The Panasonic Lumix DMC-FZ1000 is a high-quality bridge camera with great image quality for its class. It gets you that DSLR feel and a versatile 16x optical zoom without risking getting lured into spending thousands on lenses.
At £750 it’s hardly cheap itself, but a 20-megapixel 1-inch sensor provides good image quality, and it’s one of the first bridge cameras to offer 4K video.
The Panasonic Lumix DMC-FZ1000 is a chunky camera, with a body similar in size to an entry-level DSLR. If ultimate portability is key, this isn’t the camera for you. It’s larger than most bridge models.
However, we do like its handling. There’s a big, chunky grip that gives you a hold on the camera more reassuring than Marks & Spencer’s prices.
This grip also ensures the 831g weight feels right in the hand. It’s a plastic camera that doesn’t have quite the construction of the rival Sony RX10, but it feels sturdy enough.
The Panasonic Lumix DMC-FZ1000 also offers a decent array of manual controls. Although there aren’t dials for all the core shooting parameters, there are five function buttons you can programme to kick-in control of things like aperture, exposure compensation, max ISO and so on.
There’s some legwork involved, but after a bit of initial effort you’ll be flying.
So far, so standard – but what’s special enough about the Panasonic Lumix DMC-FZ1000 to justify the £750 price?
The key draw is the 20-megapixel sensor. At a full inch in size it’s a good deal larger than the little 1/2.3-inch sensors you get in most bridge cameras. Having a tiny sensor is why bridge cameras don’t generally earn much cred among photo enthusiasts. This is no APS-C sensor, but it’s a big step up from the norm.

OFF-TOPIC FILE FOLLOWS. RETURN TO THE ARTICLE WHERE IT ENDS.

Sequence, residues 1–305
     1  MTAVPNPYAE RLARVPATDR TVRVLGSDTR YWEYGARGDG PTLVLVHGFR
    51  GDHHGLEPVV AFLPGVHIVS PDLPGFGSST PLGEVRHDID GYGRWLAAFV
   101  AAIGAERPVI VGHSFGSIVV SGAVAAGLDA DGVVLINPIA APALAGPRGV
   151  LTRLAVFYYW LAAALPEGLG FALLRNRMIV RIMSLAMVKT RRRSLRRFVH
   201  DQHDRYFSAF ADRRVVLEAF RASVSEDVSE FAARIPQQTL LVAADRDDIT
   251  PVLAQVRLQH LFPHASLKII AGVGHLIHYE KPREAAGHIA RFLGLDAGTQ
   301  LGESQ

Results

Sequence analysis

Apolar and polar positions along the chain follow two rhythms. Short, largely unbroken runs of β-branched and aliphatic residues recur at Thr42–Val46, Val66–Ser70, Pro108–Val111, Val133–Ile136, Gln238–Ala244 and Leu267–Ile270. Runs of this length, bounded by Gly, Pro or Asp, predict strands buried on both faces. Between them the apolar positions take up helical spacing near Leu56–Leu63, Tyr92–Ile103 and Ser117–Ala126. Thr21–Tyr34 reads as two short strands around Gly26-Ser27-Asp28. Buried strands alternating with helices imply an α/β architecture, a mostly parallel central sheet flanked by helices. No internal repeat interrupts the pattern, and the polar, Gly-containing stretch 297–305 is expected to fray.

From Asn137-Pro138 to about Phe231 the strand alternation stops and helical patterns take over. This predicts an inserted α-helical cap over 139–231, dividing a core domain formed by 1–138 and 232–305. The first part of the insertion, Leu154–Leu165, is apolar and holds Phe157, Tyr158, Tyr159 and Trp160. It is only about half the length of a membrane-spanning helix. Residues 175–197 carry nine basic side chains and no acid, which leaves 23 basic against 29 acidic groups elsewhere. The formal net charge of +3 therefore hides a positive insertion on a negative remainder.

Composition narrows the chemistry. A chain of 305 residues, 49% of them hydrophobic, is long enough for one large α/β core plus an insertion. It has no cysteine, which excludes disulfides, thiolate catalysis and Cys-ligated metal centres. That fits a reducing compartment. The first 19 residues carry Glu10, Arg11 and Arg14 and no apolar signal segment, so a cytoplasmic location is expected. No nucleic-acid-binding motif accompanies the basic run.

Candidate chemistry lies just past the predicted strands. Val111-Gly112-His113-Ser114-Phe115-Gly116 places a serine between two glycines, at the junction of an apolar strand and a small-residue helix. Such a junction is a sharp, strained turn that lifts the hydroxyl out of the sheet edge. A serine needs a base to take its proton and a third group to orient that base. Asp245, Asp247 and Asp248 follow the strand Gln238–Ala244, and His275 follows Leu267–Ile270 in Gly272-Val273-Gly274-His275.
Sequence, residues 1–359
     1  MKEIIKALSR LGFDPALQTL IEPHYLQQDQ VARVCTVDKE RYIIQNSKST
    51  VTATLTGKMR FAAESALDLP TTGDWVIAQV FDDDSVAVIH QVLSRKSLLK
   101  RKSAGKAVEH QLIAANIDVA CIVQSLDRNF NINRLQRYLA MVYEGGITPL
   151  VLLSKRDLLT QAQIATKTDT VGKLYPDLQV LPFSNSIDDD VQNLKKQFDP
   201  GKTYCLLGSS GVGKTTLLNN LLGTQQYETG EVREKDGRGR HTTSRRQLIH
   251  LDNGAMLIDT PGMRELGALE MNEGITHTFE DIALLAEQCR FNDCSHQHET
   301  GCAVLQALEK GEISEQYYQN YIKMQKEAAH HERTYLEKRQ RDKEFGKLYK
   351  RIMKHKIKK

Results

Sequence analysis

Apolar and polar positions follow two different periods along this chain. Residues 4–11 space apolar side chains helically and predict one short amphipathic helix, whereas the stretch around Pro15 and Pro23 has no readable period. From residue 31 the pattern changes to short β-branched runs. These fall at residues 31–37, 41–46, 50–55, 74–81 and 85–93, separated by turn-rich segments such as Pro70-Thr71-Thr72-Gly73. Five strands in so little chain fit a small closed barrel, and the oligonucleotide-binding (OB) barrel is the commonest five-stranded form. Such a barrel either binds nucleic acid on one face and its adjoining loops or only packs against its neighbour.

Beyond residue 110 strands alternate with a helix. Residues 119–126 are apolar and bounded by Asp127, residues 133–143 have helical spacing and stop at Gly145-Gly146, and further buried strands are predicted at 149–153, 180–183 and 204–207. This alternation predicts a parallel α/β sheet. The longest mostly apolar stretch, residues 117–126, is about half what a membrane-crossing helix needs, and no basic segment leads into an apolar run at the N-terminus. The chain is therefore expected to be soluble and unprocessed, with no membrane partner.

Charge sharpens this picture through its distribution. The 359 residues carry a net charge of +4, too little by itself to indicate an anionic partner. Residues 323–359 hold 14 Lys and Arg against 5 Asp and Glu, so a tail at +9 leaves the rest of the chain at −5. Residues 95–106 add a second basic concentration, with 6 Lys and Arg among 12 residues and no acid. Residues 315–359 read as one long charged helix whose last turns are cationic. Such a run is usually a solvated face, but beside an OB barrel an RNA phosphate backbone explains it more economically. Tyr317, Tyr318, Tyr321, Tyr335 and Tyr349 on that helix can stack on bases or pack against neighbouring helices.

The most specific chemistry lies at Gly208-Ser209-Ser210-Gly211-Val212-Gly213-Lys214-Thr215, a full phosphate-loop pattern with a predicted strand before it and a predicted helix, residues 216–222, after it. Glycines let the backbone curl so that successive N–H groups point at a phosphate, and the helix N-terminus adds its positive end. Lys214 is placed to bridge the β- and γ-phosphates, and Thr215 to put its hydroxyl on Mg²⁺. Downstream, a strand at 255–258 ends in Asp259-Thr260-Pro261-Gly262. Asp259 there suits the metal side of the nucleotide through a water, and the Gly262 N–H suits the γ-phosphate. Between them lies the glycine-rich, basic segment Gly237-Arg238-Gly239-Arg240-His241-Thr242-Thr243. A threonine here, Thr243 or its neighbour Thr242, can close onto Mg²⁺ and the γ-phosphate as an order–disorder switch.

With a 1-inch sensor, the Panasonic Lumix DMC-FZ1000 is a direct rival to the Sony RX10, a camera we think is pretty great.
Where you pay for the sensor size is zoom range. The Panasonic Lumix DMC-FZ1000 has only two-thirds the zoom range of the Panasonic FZ200, the company’s flagship superzoom of 2013.
It’s still a healthy zoom, though. With the Panasonic Lumix DMC-FZ1000 you get a 16x zoom range equivalent to 25-400mm in the 35mm standard. That’s more than the 25-200mm of the Sony RX10, but the maximum lens aperture is variable here rather than fixed.
One of the key draws of both the Panasonic FZ200 and Sony RX10 is that you get aperture of f2.8 right through the zoom range. Here maximum aperture goes from f2.8-4.0 so you lose a bit of that lens speed when not shooting wide open.
You can control the Panasonic Lumix DMC-FZ1000’s zoom using a neat lens ring or a control around the shutter button. The lens ring is a bit disappointing, though. It requires too much laborious turning when zooming, and you can’t alter its function to control aperture or exposure – just focusing and the zoom.
After complimenting the array of function buttons, the Panasonic Lumix DMC-FZ1000’s handling isn’t quite perfect, then.
It does get most of the other basics right. The screen on the rear is a good 3-inch vari-angle display with 921k-dot resolution.
It’s not a touchscreen, but those on-body function buttons help fill the void.
The Panasonic Lumix DMC-FZ1000’s EVF is more impressive. It’s the same 2.36-million-dot OLED display used in the Panasonic GH4, the top £1299 (body only) Micro Four Thirds camera.
It’s bright, it’s clear, and with 100 per cent coverage of the field of view, it’s very useful too. This is another element that helps to explain that £750 price. There’s also a rubber ring around the viewfinder, making it much more comfortable to use.
Any shots taken can be transferred to a mobile phone or tablet using Wi-Fi, and there’s NFC on-board to let you quickly and easy pair up with one of these devices. Panasonic lets your remotely control the FZ1000 over Wi-Fi too, using the Panasonic Image app.